Saturday, January 23

Farmers Anonymous

Hello. My name is Mizmell and I’m a farmer.

It all started rather innocently just before finals in December. I was a wee bit stressed over the thought of exam essays and needed a slight diversion. I began with a small farm and planted crops that were ready to harvest in24 hours. This was the beginning of my morning ritual which involved harvesting and then planting as I had my morning coffee and cigarette.

But as the reward coins accumulated, I begin to look at ways to enhance my farm. I grew embarrassed by the covered tent—-the only shelter for my imagined self—-and sought ways to stockpile coins so I might be upgraded to a cottage. I analyzed crops by cost, maturity and coins yielded to achieve my new housing goal. Once I achieved a cottage though, I wanted a farm house. Now that I have a farm house, I want a manor--but it’s an awful lot of coins…

So I turned my focus to experience points. With the completion of each level, I calculated how many experience points to the next. I sought new avenues for gathering experience points.

I get several phones calls daily from a local “farmer.” This farmer is related to me. She shares her secrets for yielding more coins and experience points, as well as predictions for the challenges ahead. She has even offered her neighbors, if I’m interested.

With more neighbors, come more benefits-- but also more obligations! You fertilize their crops, feed their chickens and receive more experience points. I shamefully accepted two. After that the horror of my addiction became glaringly apparent and I have declined all further offers.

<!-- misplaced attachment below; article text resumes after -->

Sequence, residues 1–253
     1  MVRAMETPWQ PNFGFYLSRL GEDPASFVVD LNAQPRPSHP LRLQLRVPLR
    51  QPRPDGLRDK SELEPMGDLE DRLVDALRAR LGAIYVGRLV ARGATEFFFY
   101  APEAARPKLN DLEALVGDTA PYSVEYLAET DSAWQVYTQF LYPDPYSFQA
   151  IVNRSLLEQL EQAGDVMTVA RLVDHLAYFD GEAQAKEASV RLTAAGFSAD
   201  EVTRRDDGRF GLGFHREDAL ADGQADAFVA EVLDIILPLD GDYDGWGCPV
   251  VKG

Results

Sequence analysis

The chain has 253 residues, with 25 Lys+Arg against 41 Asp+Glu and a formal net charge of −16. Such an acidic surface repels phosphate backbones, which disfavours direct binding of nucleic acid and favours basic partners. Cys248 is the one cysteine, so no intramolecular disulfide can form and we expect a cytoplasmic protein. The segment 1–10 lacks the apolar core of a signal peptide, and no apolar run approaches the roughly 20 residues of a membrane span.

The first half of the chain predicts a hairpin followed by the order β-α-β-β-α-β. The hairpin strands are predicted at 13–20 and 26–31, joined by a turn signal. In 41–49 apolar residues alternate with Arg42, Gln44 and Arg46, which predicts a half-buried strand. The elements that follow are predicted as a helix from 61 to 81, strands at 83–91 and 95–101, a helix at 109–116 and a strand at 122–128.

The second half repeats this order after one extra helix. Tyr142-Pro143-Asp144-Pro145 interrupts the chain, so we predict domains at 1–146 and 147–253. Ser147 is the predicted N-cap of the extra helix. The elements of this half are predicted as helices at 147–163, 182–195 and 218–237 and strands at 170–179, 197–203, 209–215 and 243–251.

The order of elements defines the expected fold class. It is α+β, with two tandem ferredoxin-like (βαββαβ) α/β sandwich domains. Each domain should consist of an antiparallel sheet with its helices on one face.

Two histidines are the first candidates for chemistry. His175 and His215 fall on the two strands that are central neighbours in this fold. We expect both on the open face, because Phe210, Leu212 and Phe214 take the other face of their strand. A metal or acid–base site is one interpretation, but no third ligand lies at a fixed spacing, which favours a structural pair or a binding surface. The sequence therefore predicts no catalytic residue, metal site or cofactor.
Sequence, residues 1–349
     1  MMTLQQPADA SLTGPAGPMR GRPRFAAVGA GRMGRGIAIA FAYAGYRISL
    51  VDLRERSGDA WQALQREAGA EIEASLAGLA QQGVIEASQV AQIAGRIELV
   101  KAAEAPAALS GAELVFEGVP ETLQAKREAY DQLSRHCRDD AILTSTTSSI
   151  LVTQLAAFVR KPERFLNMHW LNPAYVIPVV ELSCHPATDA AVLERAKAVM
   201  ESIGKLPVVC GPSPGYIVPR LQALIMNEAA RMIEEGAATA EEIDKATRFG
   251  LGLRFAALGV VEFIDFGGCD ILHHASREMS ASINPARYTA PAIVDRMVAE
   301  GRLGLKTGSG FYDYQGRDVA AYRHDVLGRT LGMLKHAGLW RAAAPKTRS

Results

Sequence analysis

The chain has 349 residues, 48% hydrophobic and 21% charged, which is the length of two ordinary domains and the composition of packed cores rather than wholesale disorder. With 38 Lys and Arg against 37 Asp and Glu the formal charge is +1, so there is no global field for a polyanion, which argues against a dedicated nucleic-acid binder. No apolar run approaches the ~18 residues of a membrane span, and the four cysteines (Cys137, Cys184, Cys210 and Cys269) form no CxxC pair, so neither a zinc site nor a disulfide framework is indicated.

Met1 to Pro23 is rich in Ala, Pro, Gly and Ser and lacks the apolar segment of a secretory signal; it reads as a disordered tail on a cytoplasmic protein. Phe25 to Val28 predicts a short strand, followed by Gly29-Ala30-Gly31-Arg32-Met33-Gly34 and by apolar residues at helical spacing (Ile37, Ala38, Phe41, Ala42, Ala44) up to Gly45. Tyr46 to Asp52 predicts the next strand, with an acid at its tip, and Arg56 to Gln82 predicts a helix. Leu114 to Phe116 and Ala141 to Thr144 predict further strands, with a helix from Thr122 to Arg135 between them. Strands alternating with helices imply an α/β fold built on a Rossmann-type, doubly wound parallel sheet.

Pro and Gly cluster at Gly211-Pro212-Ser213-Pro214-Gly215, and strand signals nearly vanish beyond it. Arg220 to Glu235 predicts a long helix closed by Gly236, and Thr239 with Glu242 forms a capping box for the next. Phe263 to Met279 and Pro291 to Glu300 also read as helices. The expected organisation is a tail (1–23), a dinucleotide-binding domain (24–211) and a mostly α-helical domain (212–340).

I have increased the size of my farm, so I can plant more, yield more, buy more and advance through the levels. But the larger area requires my attention twice a day, so I have also added farming to the end of my day and spend 15 or 20 minutes each night right before bed. I bought a tractor, then a seeder and a harvester. These new additions to my farm allowed me to do 4 plots at a time, rather than one at a time. I have become so efficient, twice a day isn’t really a big deal.

It was only after the change from once a day to twice daily farming, that I came to grips with the fact that I needed more neighbors to get the Mighty Plantation. I checked my friends list to see who I could perhaps sway. I sent out invitations and picked up a few. I even found a few old friends I hadn’t seen or spoke with for more than 30 years—but they were farmers, like me. I sent a request. They accepted and we became neighbors. Only one accepted with a polite email inquiry and well wishes.

Just yesterday, I got the Mighty Plantation. I’ve since planted more crops and purchased a hot rod tractor that allows me to plow 6 plots at a time. If I choose high-yield short-term crops, I’ll probably be able to stockpile quite a few coins. I still have my eye on that Manor.

Friday, January 8

A Real Decent Fine Boy

When Elvis appeared on the Ed Sullivan show, his host made a point of telling the audience that he was a "real decent fine boy." If Elvis had lived, he'd be 75 today.

In honor of the King, I'm making a large pot of Elvis Presley's Homemade Vegetable soup. Rumor has it that Elvis wasn't the healthiest eater by a long shot. No need to worry, though. Even real decent fine boys can do with a little tweaking.
Momo did the honors for Elvis' soup and has tweaked this recipe to make it very healthy and very tasty. I promise there will be no yucky separation or fat on the top like some vegetable soup recipes. Give it a shot. It's delish!

EP's Homemade Vegetable Soup

1 large can tomatoes
2 pounds LEAN stew meat
1 cup chopped bell pepper
1 cup chopped celery
1 cup chopped onion
5 pieces garlic
2 boxes frozen mixed vegetables
2 cups diced Russet potatoes
2 cans cream style corn
1/2 cup ketchup
2 Tbsp salt
2 tbsp black pepper

Cook meat, onion, celery, bell pepper, garlic and tomatoes in large stock pot or dutch oven over medium heat for 30 minutes, stirring frequently.
Add mixed vegetables and cook another half hour. Then mix in corn, potatoes, ketchup, salt and pepper.
Cook 30 minutes longer or until potatoes are tender. Serve.